‘We ain’t got much. But some of these bastards want to strip us down. Maybe after a while they get to feeling that we aren’t built like them either. Where they’ve got lungs and heart and guts, and blood in their veins, maybe we’ve got wheels and gears and cogs. Maybe they don’t mean to be bad. We’re just not human. Not in the way they are. They’d strip us down, all right. And mainly we let them.
|King St, Newtown 1950’s – note the chimney stacks at the end of the street.|
Philomena (Mena) Ivy Bright Calthorpe was born in 1905 in Goulburn, NSW. Her father was a droving contractor and Catholic. Her mother was a Protestant. It’s hard to imagine now, how disturbing and unusual that was considered at the time.
After school, Mena taught in small country schools for a decade before marrying Bill Calthorpe, a sheep farmer from Yass. His family were forced to sell the farm in 1933, so Mena and Bill moved to Paddington to start up a shop. It was unsuccessful. Mena joined the Communist Party in 1933 while Bill became involved in the trade union movement. Mena worked in various office jobs, including in a textile factory, and wrote in her spare time.
The Dyehouse was the first of three novels. Mena died in Sutherland, Sydney in 1996.
“It might be easier for the boy,” Barney thought. “Sixteen or seventeen years is a long time. And the future could be different. Yes, a man could bank on that. The future would not be the same.”
“I’d like to have a lot to give you, Patty. A new house in one of the outer suburbs. Lovely clothes. We haven’t got much. All our lives we’ll be working and just trying to hang on to what we have. Blokes with money will make more and more. People like us will make it for them. And all the time we’ll be lucky if we can just hang on.”
Time has been kinder to The Dyehouse, than some of the reviewers of the time. R.R. from the Canberra Times | Formula Story set in Factory Scene | 16 Sept 1961 | said,
Yet the book is badly overwritten and pretentious. It needs ruthless pruning of its “literary” passages. Even moderate editing out of such schoolgirl words as “clatter,” “click clack,” and “tic tac,” which jangle irritatingly through it, would improve it immensely.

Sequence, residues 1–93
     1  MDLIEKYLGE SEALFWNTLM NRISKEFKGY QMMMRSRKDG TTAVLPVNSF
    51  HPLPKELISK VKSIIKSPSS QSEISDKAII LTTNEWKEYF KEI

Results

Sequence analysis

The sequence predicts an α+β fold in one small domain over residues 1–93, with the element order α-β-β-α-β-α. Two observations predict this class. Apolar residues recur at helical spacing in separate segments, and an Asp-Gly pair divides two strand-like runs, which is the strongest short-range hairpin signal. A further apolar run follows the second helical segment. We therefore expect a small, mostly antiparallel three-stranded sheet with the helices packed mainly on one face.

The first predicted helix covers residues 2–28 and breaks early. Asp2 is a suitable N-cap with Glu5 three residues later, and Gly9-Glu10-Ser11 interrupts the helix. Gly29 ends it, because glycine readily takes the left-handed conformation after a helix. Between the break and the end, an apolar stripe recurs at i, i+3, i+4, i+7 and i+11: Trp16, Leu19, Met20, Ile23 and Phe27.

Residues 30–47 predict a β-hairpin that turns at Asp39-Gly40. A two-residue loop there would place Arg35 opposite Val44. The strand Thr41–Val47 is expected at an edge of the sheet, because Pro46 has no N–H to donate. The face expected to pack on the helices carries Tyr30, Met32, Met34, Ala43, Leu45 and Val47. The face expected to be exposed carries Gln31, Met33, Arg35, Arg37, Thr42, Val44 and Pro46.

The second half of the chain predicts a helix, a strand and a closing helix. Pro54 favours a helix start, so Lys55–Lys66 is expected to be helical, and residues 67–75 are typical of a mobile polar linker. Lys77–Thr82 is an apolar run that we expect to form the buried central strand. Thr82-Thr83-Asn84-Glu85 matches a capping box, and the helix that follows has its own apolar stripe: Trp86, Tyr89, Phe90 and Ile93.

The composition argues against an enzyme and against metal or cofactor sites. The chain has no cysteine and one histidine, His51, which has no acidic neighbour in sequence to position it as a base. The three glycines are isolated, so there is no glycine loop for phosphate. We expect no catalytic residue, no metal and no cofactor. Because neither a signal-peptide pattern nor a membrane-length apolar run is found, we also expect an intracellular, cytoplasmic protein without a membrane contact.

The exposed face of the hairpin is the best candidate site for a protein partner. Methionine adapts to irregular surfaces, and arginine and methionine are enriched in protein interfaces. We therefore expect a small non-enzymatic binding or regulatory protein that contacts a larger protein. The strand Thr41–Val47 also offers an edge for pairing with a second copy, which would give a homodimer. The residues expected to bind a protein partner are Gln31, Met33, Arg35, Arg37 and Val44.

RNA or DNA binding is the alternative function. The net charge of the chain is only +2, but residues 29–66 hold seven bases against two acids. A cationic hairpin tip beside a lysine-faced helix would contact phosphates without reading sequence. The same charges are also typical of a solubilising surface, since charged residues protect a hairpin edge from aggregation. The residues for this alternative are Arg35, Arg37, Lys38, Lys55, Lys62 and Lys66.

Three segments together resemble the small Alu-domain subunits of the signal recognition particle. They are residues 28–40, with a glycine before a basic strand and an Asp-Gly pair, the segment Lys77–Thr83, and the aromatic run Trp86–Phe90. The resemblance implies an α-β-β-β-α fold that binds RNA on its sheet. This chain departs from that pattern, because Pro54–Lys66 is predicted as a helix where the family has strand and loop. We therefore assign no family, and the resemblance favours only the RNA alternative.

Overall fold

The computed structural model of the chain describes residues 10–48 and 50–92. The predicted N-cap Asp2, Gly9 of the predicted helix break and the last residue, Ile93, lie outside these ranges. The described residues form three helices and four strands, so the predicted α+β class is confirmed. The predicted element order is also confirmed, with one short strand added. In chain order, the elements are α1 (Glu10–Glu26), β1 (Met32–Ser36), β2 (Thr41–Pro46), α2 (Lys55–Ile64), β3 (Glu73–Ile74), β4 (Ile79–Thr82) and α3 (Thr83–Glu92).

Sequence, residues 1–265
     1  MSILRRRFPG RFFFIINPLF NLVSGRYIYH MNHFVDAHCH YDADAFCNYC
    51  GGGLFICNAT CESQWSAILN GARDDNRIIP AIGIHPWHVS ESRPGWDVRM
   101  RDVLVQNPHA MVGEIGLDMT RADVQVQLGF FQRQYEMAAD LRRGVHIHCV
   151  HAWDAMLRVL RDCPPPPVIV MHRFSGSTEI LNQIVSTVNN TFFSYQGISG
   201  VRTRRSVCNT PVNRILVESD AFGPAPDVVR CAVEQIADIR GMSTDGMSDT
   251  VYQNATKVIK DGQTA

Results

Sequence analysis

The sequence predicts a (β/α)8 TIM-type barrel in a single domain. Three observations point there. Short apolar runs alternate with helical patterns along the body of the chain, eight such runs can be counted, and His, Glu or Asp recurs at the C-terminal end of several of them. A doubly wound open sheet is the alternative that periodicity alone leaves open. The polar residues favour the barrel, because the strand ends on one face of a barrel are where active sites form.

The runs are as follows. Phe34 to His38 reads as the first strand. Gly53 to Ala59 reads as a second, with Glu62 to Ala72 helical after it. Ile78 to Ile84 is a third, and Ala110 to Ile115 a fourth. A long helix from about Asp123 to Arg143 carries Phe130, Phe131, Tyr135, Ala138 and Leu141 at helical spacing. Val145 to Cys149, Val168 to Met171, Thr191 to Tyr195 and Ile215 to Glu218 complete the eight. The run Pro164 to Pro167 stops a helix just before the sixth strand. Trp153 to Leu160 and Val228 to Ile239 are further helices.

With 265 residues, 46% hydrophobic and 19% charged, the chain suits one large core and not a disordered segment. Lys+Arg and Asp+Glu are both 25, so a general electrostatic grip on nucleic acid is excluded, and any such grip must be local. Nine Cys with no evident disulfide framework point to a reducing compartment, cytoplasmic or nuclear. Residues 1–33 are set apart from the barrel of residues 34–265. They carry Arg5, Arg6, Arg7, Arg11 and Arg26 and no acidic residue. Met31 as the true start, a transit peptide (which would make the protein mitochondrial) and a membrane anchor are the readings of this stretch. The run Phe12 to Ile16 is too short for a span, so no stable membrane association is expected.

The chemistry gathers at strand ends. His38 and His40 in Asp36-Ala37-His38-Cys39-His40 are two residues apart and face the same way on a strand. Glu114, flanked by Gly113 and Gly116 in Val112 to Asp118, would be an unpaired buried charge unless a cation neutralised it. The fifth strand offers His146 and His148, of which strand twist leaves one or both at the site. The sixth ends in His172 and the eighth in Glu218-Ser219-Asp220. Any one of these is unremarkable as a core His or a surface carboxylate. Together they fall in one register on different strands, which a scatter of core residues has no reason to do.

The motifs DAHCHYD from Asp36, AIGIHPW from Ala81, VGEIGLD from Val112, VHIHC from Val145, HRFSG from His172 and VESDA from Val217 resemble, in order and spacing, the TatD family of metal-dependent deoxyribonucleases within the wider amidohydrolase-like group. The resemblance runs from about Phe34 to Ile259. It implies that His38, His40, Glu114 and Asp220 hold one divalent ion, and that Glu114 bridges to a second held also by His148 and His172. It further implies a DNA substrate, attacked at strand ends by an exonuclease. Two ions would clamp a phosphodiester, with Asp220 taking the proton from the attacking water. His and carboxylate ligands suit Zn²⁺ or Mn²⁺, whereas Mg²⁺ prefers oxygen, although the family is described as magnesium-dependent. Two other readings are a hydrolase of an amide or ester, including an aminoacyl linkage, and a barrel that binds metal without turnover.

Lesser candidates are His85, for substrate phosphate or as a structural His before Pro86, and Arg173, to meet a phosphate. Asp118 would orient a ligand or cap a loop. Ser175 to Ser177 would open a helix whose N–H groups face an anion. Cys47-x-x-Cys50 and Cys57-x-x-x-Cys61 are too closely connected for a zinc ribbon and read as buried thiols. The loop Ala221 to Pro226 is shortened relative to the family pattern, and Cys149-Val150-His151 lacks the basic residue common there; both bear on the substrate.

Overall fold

The numerous vulgarities are forced and unnatural.
She has considerable skill as a writer, her great strength appears to be story construction. When she stops fascinating herself with her own clever prose, throws away her thesaurus, and gets down to telling a story simply, economically, and honestly she may well be a force to be reckoned with on the Australian literary scene.
Thankfully, Fiona MacFarlane is able to see the value of Calthorpe’s ‘restrained lyricism‘ and the ‘playful attention to sound‘ when referring to these same aspects of the writing. As for the vulgarities, I have to assume that they referred to all the ‘old bastards‘ and ‘poor bastards‘ littered throughout the worker’s dialogue. Unnatural perhaps, insofar as these curses have been watered down by Mena so as not to really offend the reading public!
It’s hard to believe that this Miles Franklin Award shortlisted book and author could have been forgotten or overlooked for so long.
|Sali Herman (1898 – 1993)
The Women Of Paddington, 1950
Past Redfern, where they changed, the cottages with their little squares of gardens flashed past. The backs of the houses faced the railway lines. The sun beat on the sloping roofs of rust-marked corrugated iron, slates or grimy tile. Between the paling fences rose a medley of of clotheslines. Choko vines screened verandahs and outhouses with their cool green. Pumpkins were ripening on the tops of skillion roofs, their green skins flecked with yellow and orange.
- Shortlisted for the Miles Franklin Award 1961
- 100th book in the Text Classics series